• Re: (Score:3, Insightful)

      by Shyfer (1875644)

      Well this is still news, not really surprising or important but still news. Sometimes stories like this generate interesting discussions (along with troll and flamebait shitstorms), so I'm ok with it.

    • I like news that tells me something...new.

      Son, I've got some bad news for you. This is Slashdot. We aren't into that sort of thing around here.

      But whatever floats your boat.

    • It's important because, while we know that ripping off GPL software is a rampant practice, it is not always so easy to bring the people who do that back into compliance. We've had numerous stories posted on /. about people who know that their code is being stolen, but they don't have the legal and/or financial resources to fight back.

      What use is the GPL to people who don't have the resources to enforce it? That's why this is an important story.

    • Because the only way to combat stuff like this is through vigilance, and you cannot be vigilant if you don't know it is happening.

      One of the reasons the world isn't better than it is, is because of people like you who think that if it doesn't have some kind of novel entertainment value, then it's not important. Maybe if people tried a little harder to care about things in between episodes of American Idol, our cities and countries wouldn't be ruled by obnoxious tools.

      • Oh shove off you self righteous little twit. I'm hardly demanding that news be entertaining. I'm simply saying that seeing the same damn story five times a week isn't necessary; I remember that license violations are rampant without slashdot shoving down my throat every god damn day.
    • by mysidia (191772) *

      This isn't really any different than stories about random violent crimes or bad weather in other states.

      Random crimes that are significant for the open source community are Slashdot news.

      There aren't that many so brazen GPL violations reported. There are a heck of a lot more violent crimes in the world than brazen GPL violations.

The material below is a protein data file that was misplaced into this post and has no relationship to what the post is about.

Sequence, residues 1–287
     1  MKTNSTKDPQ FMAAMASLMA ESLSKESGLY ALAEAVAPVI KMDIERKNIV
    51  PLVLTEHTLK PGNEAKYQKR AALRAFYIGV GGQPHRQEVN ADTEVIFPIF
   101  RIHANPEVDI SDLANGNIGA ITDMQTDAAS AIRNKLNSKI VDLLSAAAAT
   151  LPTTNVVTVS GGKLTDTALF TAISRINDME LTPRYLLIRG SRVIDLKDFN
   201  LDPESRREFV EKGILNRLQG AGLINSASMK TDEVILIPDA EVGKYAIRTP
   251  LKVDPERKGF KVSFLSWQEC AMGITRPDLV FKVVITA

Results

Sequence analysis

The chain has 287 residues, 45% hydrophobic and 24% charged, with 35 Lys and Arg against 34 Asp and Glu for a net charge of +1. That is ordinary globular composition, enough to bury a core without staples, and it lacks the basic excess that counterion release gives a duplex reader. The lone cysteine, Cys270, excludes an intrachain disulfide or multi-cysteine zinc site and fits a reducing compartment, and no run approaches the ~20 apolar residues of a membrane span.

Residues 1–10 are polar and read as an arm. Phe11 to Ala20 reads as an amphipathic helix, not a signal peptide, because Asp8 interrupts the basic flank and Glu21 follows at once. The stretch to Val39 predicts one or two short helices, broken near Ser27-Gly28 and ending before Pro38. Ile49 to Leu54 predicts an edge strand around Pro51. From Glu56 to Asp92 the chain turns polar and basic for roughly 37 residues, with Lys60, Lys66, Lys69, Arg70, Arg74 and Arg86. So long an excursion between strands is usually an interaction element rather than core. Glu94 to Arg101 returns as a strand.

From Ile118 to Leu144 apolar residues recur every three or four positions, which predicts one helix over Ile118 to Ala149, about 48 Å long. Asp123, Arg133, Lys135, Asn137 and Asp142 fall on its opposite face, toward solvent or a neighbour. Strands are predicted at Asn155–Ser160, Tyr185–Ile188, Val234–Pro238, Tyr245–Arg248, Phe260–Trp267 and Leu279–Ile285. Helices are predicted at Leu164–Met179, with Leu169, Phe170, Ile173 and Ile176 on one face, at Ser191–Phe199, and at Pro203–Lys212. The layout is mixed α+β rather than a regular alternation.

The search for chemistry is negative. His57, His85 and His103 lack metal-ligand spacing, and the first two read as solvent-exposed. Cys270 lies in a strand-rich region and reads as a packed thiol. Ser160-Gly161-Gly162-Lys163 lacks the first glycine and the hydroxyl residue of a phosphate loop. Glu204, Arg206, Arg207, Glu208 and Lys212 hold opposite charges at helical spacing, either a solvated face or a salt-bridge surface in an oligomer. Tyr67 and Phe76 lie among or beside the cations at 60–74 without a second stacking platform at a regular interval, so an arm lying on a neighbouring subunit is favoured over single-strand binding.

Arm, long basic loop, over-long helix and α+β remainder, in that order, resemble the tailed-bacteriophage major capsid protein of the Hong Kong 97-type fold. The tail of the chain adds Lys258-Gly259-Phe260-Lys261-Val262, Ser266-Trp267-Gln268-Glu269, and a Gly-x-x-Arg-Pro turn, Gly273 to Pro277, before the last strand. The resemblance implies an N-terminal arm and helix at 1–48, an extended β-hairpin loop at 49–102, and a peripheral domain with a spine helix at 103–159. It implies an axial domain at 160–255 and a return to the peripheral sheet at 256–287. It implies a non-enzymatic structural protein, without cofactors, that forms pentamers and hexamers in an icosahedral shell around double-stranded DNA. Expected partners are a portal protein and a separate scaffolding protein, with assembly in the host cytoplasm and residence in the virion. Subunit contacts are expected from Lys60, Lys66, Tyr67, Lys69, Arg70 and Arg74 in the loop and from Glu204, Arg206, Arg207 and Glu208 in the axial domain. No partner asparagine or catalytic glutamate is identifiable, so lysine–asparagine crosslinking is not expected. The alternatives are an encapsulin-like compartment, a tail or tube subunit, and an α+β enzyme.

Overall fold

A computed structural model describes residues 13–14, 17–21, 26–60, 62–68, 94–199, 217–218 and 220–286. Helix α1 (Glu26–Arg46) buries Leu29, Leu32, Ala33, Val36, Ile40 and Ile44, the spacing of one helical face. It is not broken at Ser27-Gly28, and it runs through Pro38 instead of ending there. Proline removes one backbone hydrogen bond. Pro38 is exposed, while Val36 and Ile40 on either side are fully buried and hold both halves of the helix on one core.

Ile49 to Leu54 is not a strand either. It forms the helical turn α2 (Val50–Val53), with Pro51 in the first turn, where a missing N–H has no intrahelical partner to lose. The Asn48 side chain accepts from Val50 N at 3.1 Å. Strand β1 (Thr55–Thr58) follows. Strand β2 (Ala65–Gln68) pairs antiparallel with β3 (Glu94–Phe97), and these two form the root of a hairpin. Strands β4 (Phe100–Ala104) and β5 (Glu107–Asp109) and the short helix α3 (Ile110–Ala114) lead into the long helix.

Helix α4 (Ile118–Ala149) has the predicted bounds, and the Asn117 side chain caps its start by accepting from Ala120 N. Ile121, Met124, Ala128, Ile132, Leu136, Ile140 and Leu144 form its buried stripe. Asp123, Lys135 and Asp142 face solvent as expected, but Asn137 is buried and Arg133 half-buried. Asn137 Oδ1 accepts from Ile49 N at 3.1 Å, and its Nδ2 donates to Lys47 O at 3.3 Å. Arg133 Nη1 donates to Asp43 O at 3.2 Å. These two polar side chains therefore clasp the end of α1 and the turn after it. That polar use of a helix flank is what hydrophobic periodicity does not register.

• by Fnord666 (889225) on Sunday August 14, 2011 @03:16PM (#37087830) Journal
    In response to a DMCA takedown notification

    Yahoo was the first to respond. They said they get all of their search results from Microsoft via Bing and referred me to Microsoft. So no luck there.

    I don't care who they get their search results from. They are the site provider and are responsible for following the DMCA. Failure to do so will strip them of their safe harbor provisions and open them up to liability alongside Hamstersoft.

    • by hedwards (940851)

      Unless Yahoo is hosting the files, why on Earth should they be responsible for refusing to change their search results? The last thing we need is for search providers to drop results just because they're illegal.

  • by kwikrick (755625) on Sunday August 14, 2011 @03:22PM (#37087886) Homepage Journal

    From their EULA: (http://hamstersoft.com/eula)

    RESTRICTIONS

    The source code, design, and structure of HAMSTER free software are trade secrets except software licensed under GNU GPL 3.0, LGPL, MPL, BSD-licensed or Free components used to compile. You will not disassemble, decompile, or reverse engineer it, in whole except to the extent expressly permitted by law or except GNU GPL 3.0, LGPL, MPL, BSD-licensed or Free components used to compile HAMSTER free software. You will not use HAMSTER free software for illegal purposes. You will comply with all export laws. HAMSTER free software is licensed, not sold.

    ---

    Sorry guys, you can't have GPL'd code and trade secrets in one piece of software.

    • by sirsnork (530512)

      Not to mention trade secrets have no protection under law, in fact that's why copyright exists in the first place

      • Not to mention trade secrets have no protection under law, in fact that's why copyright law exists in the first place.

        Never say never.

        Approximately 40 states have adopted the model Uniform Trade Secrets Act (USTA). The USTA defines a trade secret as "information, including a formula, pattern, compilation, program device, method, technique, or process, that: (i) derives independent economic value, actual or potential, from not being generally known to, and not being readily ascertainable by proper means by, other persons who can obtain economic value from its disclosure or use, and (ii) is the subject of efforts that are reasonable under the circumstances to maintain its secrecy."

        The USTA specifies remedies for violation of trade secrets including injunctions, damages, and attorney's fees. It also gives courts the authority to grant protective orders to ensure the secrecy of a trade secret during the discovery phase of litigation, and prevents disclosure of confidential information by witnesses.

        Federal Protection for Trade Secrets